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Meet the Challenges of New Retirement Plan Legislation with Strategic Partnerships

In the midst of all the partisan focus in Washington, it’s easy to lose sight of an important issue that everyone agrees on: Expanding the opportunities for Americans to save for retirement. Behind the current high-decibel policy debates, officials in Washington are actively drafting various forms of legislation to address this issue.

As a result, it’s likely that we’re going to see legislation passed and enacted into law that will either highly incentivize or mandate organizations with as few as 25 employees to offer retirement plans.

Why Now?

For some time now, there has been support on “both sides of the aisle” to expand access to employer-sponsored plans. And there is now a heightened awareness of wealth disparities in the US as a result of the COVID-19 pandemic.  Enabling more people to save for retirement — especially people who historically have had fewer opportunities to do so — would help to address the wealth disparities.

And the social benefit is compelling. According to the Federal Reserve, Black and Hispanic families are less likely to have access to employer-sponsored plans than their White counterparts.

The Solution Is in the Workplace

Once employees have an opportunity to participate in a retirement plan, the data suggest that they will do so. According to the US Bureau of Labor Statistics, in 2020, the defined contribution plan take-up rate for private industry employees — that is, the percentage of employees with access to plans who choose to enroll in them — was 73%.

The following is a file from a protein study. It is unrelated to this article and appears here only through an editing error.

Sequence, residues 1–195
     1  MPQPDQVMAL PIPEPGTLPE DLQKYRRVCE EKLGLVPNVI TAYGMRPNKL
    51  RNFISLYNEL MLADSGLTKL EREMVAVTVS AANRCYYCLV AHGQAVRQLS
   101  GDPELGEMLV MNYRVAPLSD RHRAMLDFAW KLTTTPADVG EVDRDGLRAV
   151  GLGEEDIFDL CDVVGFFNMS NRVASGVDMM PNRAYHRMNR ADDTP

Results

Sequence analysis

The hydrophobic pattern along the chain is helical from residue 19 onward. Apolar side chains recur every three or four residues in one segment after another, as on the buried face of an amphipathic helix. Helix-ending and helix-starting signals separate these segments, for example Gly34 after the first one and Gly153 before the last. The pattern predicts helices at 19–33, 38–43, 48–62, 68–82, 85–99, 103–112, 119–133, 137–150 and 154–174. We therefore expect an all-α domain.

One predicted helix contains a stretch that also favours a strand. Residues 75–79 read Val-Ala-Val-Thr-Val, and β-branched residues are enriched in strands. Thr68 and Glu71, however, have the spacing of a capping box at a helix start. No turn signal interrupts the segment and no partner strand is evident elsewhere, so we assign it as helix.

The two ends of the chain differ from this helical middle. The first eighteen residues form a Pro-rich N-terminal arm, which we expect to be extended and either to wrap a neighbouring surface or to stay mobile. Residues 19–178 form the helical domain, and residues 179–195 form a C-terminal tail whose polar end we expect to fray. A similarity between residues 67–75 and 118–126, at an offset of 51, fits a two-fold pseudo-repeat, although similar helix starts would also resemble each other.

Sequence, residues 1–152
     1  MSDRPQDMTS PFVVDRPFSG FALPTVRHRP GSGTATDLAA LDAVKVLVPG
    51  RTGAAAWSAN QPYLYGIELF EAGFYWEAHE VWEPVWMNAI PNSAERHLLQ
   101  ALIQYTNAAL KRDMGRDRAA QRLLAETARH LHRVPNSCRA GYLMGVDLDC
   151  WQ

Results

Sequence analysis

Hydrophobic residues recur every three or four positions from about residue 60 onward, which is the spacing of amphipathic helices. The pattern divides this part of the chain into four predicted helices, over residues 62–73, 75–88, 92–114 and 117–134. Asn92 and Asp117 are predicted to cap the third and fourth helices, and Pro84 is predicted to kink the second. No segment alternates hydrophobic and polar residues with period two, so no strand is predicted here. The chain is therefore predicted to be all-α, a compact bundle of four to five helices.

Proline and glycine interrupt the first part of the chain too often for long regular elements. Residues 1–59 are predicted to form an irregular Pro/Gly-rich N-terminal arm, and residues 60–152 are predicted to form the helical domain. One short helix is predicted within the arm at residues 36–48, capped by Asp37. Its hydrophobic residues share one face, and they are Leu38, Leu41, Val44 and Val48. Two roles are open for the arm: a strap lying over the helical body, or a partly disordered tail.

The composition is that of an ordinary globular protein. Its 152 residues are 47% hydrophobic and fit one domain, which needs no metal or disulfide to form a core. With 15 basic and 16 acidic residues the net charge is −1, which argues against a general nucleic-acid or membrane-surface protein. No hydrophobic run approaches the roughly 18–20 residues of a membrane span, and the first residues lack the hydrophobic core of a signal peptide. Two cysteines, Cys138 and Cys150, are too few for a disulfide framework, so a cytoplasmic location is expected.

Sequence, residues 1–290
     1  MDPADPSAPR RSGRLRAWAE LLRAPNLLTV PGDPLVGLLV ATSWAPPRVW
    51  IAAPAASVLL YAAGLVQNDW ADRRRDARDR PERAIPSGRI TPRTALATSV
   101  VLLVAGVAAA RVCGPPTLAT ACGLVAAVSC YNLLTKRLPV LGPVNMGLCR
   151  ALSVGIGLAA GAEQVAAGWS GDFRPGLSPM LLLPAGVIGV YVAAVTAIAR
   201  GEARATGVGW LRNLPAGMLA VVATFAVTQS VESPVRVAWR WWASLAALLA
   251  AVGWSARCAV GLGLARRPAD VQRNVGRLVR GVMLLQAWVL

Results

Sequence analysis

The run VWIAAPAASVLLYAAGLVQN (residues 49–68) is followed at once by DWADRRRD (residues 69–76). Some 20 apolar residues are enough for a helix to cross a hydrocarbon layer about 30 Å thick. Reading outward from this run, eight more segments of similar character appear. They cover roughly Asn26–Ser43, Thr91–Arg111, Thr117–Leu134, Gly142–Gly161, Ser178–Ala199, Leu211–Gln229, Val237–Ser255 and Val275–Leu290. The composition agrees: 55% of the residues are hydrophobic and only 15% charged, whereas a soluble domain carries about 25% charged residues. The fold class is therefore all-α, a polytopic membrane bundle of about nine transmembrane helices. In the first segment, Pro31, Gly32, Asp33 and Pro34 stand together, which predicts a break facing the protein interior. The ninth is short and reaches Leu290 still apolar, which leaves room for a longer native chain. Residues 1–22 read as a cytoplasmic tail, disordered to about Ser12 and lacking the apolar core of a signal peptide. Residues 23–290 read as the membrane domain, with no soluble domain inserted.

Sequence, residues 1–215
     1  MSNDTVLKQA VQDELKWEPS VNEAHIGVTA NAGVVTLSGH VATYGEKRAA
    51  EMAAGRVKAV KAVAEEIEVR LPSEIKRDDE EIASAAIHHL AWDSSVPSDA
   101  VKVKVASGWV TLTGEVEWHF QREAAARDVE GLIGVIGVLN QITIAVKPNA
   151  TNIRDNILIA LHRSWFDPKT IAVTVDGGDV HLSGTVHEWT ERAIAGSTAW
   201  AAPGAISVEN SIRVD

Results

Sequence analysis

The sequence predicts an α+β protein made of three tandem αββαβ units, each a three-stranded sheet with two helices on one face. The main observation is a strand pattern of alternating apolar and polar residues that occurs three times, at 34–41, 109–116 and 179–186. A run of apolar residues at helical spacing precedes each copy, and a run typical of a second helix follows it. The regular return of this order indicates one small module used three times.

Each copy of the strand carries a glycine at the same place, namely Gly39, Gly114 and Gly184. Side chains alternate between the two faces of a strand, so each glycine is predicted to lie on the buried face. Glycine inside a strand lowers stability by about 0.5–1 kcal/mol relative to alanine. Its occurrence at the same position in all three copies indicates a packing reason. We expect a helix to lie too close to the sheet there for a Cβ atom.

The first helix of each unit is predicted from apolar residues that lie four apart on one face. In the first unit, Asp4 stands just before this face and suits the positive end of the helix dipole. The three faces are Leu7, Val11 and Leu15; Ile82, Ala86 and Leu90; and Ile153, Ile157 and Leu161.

And the Challenge Is in the Small Employer Market

Historically, it’s the smallest firms that have been the most under-represented in the 401(k) market. It’s only now — with advancements in technology and developments in Group 401(k) Plans — that we’re starting to see the retirement industry introduce new offerings in the micro 401(k) market. Yet it’s this segment of the market that will probably see the biggest surge in demand once new employer-sponsored retirement legislation is enacted into law. And, of course, engaging first-time retirement investors to participate in their new plans will require significant and innovative outreach programs.

Some Key Questions to Ask

Of course, getting smaller businesses set up to offer retirement plans for the first time will be shaped largely by the final legislation. However, no matter what form that legislation takes, it’s likely that plans will have to offer a combination of digital engagement and human interaction to reach hundreds of thousands of small businesses and connect and engage with their tens of millions of employees.

It is time for financial services firms and retirement plan advisors to assess their current capabilities all along the spectrum of retirement plan business. For example, do you have the breadth of distribution and/or a significant share of existing small business relationships? Do you have the right mix of digital and human engagement? Can you scale up, quickly?

Strategic Partnerships Turn Challenges into Opportunities

From my perspective, it’s tough to name one retirement advisory firm that “owns” all the needed capabilities. Therefore, when it comes to new retirement plan legislation, turning challenges into opportunities will require strategic partnerships. And I can assure you we will see some interesting and innovative combinations.

Of course, successful partnerships take time to identify and integrate. So now is the time to start!

Princeton Financial Consultants can help. Our experience in setting up strategic relationships can help you create a retirement plan offering that will meet the challenges and take advantage of this significant opportunity. Contact us for a personalized consultation today.

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